The network of non-government organisations that pursues the interests of children and families does a good job in the Kiwi way.
I have worked in child and family organisations for thirty-six years. Longer, if you count my childhood selling raffle tickets and helping with catering on stock sale days to raise money for Plunket, WDFF and other local groups of which my mother was a busy member. I believe in the New Zealand habit of bringing a group of people together, forming a committee, giving it a name, then raising funds and gaining influence to achieve a particular purpose.
It has been part of the do-it-yourself Kiwi way. The alternative is to seek out the patronage of an established organisation to achieve the same end. I’ve been down both paths. Together with others I’ve set up a number of organisations over the years and have joined a few established ones. Some groups which I have been in at the beginning have prospered. Others have not. All have evolved along lines that were not foreseen.
The great benefit of the small dedicated group is the focused enthusiasm of the people who brought it into being. The drawback is the difficulty in achieving the reach needed to gain funding and influence. Established organisations that survive and continue to bring about change find ways of combining the enthusiasm, freedom and creativity of volunteers with the financial and administrative heft and connections of a longer-standing structure.
Plunket is a good example. Its heart and soul are local committees of volunteers in close contact with the mothers, fathers and babies they serve. Its senior volunteers meet at regional and national levels to make plans to advocate for those same mothers, fathers and babies. Plunket has the standing in New Zealand communities to enable it to gain funding for the services it provides and the reach to influence public policy. The Auckland historian, Lynda Bryder has told the story in her 2003 book  of how its methods of advocacy have changed over the hundred and more years of its existence. It is a fascinating account that reflects the changing nature of New Zealand society.
Plunket is perhaps the largest New Zealand child and family non-government organisation by membership but it is certainly not the only one. There are many groups which aim to improve the lot of children and families one way or another. When UNICEF New Zealand prepared a briefing paper to give a combined view on the government’s 2011 Green Paper for Vulnerable Children, more than eighty organisations contributed.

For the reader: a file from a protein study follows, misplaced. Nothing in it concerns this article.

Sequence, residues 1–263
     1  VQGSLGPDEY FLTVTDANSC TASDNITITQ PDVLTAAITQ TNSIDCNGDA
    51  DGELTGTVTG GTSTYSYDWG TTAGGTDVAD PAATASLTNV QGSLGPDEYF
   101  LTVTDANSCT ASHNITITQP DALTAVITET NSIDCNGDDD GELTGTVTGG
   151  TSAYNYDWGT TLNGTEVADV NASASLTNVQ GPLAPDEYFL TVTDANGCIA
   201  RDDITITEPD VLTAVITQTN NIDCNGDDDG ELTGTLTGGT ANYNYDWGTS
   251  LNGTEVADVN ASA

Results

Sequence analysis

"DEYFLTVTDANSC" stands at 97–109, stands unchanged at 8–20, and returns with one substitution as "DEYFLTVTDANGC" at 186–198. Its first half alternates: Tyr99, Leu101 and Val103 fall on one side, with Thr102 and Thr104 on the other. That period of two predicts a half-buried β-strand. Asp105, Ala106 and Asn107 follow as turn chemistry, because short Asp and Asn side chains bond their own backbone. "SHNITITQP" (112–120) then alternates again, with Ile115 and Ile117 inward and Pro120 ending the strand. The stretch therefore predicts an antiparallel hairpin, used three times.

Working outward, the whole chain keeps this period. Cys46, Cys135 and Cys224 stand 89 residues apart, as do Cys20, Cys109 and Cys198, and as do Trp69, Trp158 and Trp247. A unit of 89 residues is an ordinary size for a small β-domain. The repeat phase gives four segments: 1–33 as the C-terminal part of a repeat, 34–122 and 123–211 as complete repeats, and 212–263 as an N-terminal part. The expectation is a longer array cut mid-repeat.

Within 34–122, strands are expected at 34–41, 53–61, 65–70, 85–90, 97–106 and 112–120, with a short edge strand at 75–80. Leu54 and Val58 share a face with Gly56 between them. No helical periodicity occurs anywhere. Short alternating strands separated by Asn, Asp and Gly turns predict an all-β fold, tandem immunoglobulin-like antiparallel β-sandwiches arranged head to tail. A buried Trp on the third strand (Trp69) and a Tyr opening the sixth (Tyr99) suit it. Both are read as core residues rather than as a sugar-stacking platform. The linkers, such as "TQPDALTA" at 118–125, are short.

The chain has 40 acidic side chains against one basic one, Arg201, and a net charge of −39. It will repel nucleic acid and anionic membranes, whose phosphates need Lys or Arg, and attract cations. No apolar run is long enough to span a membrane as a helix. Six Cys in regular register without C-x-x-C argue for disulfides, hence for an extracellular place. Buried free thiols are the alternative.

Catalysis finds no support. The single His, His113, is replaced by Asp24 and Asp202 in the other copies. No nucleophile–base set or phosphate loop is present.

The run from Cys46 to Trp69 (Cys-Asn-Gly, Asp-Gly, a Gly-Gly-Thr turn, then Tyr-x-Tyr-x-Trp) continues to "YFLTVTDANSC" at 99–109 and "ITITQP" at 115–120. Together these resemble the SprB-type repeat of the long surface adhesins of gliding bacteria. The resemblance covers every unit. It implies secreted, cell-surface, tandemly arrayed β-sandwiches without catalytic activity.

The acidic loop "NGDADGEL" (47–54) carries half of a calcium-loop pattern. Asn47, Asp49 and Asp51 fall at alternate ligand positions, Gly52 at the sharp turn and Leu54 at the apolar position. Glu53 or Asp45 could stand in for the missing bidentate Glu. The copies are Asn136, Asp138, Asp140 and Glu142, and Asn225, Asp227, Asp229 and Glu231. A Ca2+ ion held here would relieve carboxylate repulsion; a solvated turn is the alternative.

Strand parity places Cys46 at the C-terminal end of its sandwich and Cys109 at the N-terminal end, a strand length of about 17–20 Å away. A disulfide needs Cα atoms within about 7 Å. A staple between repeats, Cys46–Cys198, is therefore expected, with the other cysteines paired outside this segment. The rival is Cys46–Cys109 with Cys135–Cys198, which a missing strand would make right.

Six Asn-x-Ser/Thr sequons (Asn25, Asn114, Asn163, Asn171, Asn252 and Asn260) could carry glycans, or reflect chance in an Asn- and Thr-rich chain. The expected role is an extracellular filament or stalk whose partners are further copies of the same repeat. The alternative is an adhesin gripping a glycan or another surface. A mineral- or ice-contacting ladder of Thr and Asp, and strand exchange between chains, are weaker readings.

People sometimes ask why there isn’t a single voice lobbying on behalf of children. Surely it would be more effective. It is a good question. The short answer is that it would be good to have such a voice and indeed one has been created in recent times in the form of Every Child Counts in 2004 and for this election year, Tick for Kids. Both have arisen from discussions among the many organisations that help children and families. They do not replace the work done by these groups in the multiple areas of children’s welfare, safety, education, health, care, disability, literacy, legal representation and so on, but amplify their voices with a view of children as a whole, their status and place in New Zealand society.
Advocacy has not always been accepted as legitimate. It has been disparaged by some scientists for getting carried away and ignoring science-based evidence. It is true that advocacy without science can support worthless programmes but science without advocacy can mean useful programmes remain obscure and ineffective. Both are needed. First comes the idea. Research tests it. Advocacy sees it implemented.
Another conundrum facing would-be advocates is whether or not their main purpose constitutes political activity in the eyes of the Charities Service (formerly Charities Commission). If it does, their organisation cannot be registered as a charity under the Charities Act 2005. To be registrable as a charity and therefore tax exempt, an organisation must meet the definition of ‘charitable purpose’ which is fundamentally “relieving poverty, or advancing education or religion, or other things beneficial to the community”. Political advocacy is permitted as an ‘ancillary activity’.
This situation has created difficulty for many children-and-family-focused NGOs in that advancement of the interests of children and families and other sectors of the population is likely to require change in understanding and attitude which by definition necessitates advocacy. A Supreme Court decision of 6 August, 2014 appears to have recognised this anomaly. The judgement allowed an appeal against the Court of Appeal’s determination that a political purpose cannot be a charitable purpose.
The network of non-government organisations that pursues the interests of children and families does a good job in the Kiwi way. Its multiple voices are heard in relation to the many specific needs, rights and interests of children and families and its united voice on children’s status is beginning to be better heard.
 Sullivan, J. (2007) I was a Plunket baby: 100 years of the Royal New Zealand Plunket Society. Auckland: Random House.
 Bryder, L. (2003) A voice for mothers: The Plunket Society and infant welfare 1907-2000. Auckland: Auckland University press.
 Chaffin, M. (2004) Is it time to rethink Healthy Start/Healthy Families? Child Abuse and Neglect, 28(6), 589-595.
 Hassall, I. (2005) Response to Chaffin (2004) Child Abuse and Neglect, 29, 235.